lage of Leuk, Is estimated at 100,000
francs. The pasture Itself, which for
years will now be useless, strewn as It
Is with debris, la valued at 400,000
francs. Tho bodies of the two olllclals
and of two of tho cowherds have been
recovered, but In a horribly mutilated
condition. It seenia that tho disaster
overtook them while sleeping In thelt'-
huts. The other two men. whose bod
ies havo rot yet been found, are sup
posed to have been up early for the pur
pose of milking the cows. The blocks
of fnllen Ico and rocks cover a space
of two square miles to u depth of many
yards, the whole scene being one ot In
describable desolation. Besides tho
trees which were In the track of the
avalanche, great numbers havo been
uprooted by the wind which It pro
duced. Many of the cattle, too, lie
about In such positions that they must
havo been hurled gioat distances
through the air by tho samo force. Men
are hard at work trying to make some
sort of footpath over the debris, the
ordinary road being, of course, com
pletely obliterated. From old lecords
In Leuk It nppears that n similar catas
trophe occurred at the samo spot In
17S2, also only two days beforo the date
fixed for tho return of the cattle to tho
"SENT ME REELING."
1 lit 1'i't Put: Criwr.
Among occasional objects of one's
pity nre the little pet dogs which elder
lv ladles, who aie generally clad .n rich
black silk, cuddle in their arms, in
doors and out of doors, through the
livelong day. At a certain iirignion
hotel I counted 'o less than sen of
these llttlo cuiiy-haiied anlinaU
mine. Maybo tho serpent vino find you,
and then you think of me."
"Wheio aro you going?"
"Hut how are you going to got out
of the swamp without n boat?"
"I find my way; you find yours.
I would havo called him back, but
Paul prevenjd me.
"Lot the fool go!" bo exclaimed, loud
ly enough for tho retrentlng Indian to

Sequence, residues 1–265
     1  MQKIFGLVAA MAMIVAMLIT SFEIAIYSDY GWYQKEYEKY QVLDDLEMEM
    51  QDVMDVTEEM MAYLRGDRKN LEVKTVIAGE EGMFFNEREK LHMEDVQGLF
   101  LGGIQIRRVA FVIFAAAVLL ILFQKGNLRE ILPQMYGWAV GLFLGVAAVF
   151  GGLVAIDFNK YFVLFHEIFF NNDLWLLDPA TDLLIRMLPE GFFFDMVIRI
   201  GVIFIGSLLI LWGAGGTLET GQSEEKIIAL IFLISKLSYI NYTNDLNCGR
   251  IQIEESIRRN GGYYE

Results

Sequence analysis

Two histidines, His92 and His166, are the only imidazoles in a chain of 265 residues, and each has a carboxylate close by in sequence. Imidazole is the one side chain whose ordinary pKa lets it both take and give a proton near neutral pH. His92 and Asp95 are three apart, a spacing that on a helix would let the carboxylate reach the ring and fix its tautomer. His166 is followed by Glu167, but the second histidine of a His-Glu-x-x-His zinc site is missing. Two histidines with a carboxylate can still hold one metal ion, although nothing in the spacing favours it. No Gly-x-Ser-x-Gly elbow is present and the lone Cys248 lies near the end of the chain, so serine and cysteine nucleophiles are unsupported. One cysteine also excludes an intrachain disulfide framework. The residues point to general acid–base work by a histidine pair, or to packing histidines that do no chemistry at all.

hear. "Wo can get along without him.
I havo been In tho awamp beforo,
cousin, and It will not bo n difficult
thing to retrace our courso when wo
are ready to leave."
I was borry to seo tho guide go away
In such a manner, and I regretted what
had happened very much, but Paul
overawed mo, and I submitted to his
That day, without Solomon, we
pushed on still furthor Into tho swamp,
although my henrt wns filled with a
fear that wo might never ho ablo to
c.utched to seven capacious bosoms got out oi inn "... mu "'"'
BireauiH niuuii ovi.-iih.-ii m ,iu,.
directions, for already I could not havo
told to aavo mo how to retrace our
l.iaiii'lilne a IIIk Mit.
That It costs something to launch a
big battleship Is shown by tho state
ment that tho expense of getting tho
Victorious, tho latest addition to Eng
land's fleet, afloat was about $10,000.
Sho la a sister ship to tho Magnificent
and Majestic, and Is 300 feet long, 73
feet beam, and 27Vi feet draft. There
wero used up on tho ways over whlcn
alio slid Into tho water 7,000 pounds of
nusslan tallow, 100 gallons of train oil
nnd 700 pounds of soft soap. The gross
weight of tho ship, equipped aud ready
kSome visitors. It Is well known, object
to degs In a hotel, ami consequently
a piohlbltlvo price Is put upon their ad
mlttance. Tho charge Is sometimes as
high us one guinea per day. St. James
A Hhlte Mouse.
Tho big white moose recently shot
In the Maine wood.) by a Mr. Sargent ot
Grafton has greatly Interested natural
Istn, as well as sportsmen. It la the
only white mooso ever seen In .Maine,
and very few have ever been heard of
elsewhere. Tho naturalists say It Is,
of courso, not strango that thero should
bo nn ulblno moose, resulting from a
fronk of nnturo, as white deer nnd other
albino gnmo nnlmals nro not uncom
mon. BUI wmio mooso uru a bicui
for sea, Is 15,725 tons.
. I rarity.
Tho great herons roso from tho
moraas, aa we advanced, sometimes
an alligator slipped away Into the dark